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What's New: I've updated the charts below through yesterday's close (June 13). The latest Freddie Mac Weekly Primary Mortgage Market Survey, out yesterday, puts the 30-year fixed at 3.98%. That's the highest rate since early April of last year. Its all-time low was 3.31%, which dates from the third week in November of last year.

The yield on the 10-year note stands at 2.19%, down slightly from its interim closing high of 2.25% yesterday. Yesterday's close is 76 bps above its all-time closing low of 1.43% set in July 2012. But more dramatic is its rise of 53 bps since its interim low in early May. The S&P 500 is now up 14.74% for 2013 and 1.97% below the all-time closing high of May 21.

Here is a snapshot of selected yields and the 30-year fixed mortgage over the past year.

(Click to enlarge)

For an eye-opening context on the 30-year fixed, here is the complete Freddie Mac survey data from the Fed's repository. Many first-wave boomers (my household included) were buying homes in the early 1980s. At its peak in October 1981, the 30-year fixed was at 18.63 percent. The long-term graph doesn't capture the recent rise in rates over the past six months.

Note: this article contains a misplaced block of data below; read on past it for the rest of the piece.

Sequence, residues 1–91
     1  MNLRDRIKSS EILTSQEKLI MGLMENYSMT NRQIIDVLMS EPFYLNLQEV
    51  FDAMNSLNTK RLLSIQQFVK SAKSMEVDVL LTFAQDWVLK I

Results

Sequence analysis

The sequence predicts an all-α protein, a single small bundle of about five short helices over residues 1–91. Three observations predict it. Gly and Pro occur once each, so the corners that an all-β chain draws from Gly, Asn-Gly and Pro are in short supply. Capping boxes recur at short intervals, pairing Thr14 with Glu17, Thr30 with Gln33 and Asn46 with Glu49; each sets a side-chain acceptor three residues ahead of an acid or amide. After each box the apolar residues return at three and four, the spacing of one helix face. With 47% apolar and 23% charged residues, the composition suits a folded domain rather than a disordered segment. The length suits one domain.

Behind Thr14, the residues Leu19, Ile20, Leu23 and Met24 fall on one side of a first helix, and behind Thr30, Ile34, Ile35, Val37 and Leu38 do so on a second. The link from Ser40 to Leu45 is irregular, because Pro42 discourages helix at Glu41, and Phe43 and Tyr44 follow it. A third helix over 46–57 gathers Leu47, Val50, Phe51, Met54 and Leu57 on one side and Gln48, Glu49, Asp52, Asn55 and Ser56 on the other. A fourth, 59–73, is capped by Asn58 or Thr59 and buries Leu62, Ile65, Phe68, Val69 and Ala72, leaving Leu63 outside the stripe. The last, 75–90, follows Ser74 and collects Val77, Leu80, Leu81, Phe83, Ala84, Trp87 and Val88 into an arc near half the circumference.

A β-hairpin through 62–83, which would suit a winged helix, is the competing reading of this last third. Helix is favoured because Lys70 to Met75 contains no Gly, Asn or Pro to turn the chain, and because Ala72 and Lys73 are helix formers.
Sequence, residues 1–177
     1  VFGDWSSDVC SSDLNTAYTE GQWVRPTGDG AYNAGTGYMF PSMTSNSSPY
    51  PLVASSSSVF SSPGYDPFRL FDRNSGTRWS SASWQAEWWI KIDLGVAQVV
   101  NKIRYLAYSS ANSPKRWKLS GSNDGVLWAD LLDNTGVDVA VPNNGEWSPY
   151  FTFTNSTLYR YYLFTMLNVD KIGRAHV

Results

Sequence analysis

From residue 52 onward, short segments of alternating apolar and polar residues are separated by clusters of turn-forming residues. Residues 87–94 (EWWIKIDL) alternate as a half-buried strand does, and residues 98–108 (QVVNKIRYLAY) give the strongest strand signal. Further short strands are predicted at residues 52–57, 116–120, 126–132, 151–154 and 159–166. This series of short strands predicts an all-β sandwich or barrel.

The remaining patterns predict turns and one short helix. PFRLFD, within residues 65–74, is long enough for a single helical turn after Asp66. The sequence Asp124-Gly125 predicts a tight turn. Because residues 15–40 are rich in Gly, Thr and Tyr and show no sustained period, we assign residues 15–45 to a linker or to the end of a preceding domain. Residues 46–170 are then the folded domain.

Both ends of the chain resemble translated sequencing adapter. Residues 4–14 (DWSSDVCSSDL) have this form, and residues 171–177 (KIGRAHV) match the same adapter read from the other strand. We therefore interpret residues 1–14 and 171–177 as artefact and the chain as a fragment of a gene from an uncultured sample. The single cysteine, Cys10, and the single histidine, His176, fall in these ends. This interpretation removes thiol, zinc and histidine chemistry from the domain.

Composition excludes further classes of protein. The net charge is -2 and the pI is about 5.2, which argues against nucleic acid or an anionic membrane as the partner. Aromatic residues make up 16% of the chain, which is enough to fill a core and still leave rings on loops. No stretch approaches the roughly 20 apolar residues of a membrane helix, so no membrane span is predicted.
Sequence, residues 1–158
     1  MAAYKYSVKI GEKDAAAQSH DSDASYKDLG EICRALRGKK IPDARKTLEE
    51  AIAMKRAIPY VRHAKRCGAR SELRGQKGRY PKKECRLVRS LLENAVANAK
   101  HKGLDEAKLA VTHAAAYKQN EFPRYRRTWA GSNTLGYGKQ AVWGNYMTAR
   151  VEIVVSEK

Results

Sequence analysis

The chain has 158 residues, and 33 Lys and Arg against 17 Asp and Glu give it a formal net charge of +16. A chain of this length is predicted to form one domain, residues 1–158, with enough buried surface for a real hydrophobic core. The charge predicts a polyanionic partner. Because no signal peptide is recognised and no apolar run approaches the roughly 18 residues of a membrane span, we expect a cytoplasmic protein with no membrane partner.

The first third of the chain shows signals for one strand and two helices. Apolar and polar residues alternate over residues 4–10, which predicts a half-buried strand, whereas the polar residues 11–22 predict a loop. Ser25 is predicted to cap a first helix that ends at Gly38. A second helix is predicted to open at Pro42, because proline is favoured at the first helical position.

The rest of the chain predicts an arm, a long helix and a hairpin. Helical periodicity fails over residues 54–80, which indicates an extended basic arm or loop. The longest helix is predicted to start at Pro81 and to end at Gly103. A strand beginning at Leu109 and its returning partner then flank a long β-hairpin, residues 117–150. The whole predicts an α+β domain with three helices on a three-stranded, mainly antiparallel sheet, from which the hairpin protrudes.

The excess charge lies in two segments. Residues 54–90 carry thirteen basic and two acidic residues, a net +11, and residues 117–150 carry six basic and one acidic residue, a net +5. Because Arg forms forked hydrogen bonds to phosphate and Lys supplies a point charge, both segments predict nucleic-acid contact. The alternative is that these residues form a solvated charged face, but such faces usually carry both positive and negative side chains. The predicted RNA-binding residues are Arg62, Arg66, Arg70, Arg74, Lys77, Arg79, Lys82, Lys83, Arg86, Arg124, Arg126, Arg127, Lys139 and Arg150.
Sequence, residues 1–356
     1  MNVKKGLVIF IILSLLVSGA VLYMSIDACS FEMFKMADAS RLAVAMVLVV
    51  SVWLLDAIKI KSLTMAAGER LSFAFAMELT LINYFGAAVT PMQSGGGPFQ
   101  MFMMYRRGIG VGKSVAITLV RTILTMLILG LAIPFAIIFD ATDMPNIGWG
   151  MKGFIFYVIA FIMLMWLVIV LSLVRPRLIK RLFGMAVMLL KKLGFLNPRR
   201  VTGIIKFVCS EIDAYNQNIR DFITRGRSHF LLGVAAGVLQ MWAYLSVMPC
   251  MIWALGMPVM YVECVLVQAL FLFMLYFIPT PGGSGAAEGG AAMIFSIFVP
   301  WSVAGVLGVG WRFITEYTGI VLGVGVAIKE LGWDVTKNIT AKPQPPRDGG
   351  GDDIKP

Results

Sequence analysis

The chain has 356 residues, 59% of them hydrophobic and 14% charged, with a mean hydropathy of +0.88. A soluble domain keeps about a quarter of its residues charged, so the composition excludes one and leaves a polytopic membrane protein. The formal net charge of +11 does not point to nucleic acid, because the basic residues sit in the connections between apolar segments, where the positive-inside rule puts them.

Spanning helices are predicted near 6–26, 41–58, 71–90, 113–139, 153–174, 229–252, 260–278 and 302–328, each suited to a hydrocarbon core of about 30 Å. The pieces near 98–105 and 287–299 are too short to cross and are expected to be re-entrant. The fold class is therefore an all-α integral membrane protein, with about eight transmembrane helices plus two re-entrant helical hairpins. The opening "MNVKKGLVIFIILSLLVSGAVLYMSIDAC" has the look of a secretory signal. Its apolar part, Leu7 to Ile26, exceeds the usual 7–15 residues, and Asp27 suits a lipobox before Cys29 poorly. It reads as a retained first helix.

(Click to enlarge)

Even with the recent rise in mortgage rates, the 30-year fixed continues to confirm of a key aspect of the Fed's QE success, and the low yields have certainly reduced the pain of Uncle Sam's interest payments on Treasuries (although the yields are up from recent historic lows of last summer). But, as for loans to small businesses, the Fed strategy is a solution to a non-problem. Here's a snippet from the latest NFIB Small Business Economic Trends report:

Five percent of the owners reported that all their credit needs were not met, down 1 point and the lowest reading since February 2008. Twenty-eight (28) percent reported all credit needs met, and 53 percent explicitly said they did not want a loan. Only 2 percent reported that financing was their top business problem. Twenty-nine (29) percent of all owners reported borrowing on a regular basis, down 2 points.

A Perspective on Yields Since 2007

The first chart shows the daily performance of several Treasuries and the Fed Funds Rate (FFR) since 2007. The source for the yields is the Daily Treasury Yield Curve Rates from the US Department of the Treasury and the New York Fed's website for the FFR.

(Click to enlarge)

Now let's see the 10-year against the S&P 500 with some notes on Federal Reserve intervention. Fed policy has been a major influence on market behavior, and the S&P 500, our market exemplar below, is, as I pointed out above, just at a new all-time high.

(Click to enlarge)

For a long-term view of weekly Treasury yields, also focusing on the 10-year, see my Treasury Yields in Perspective.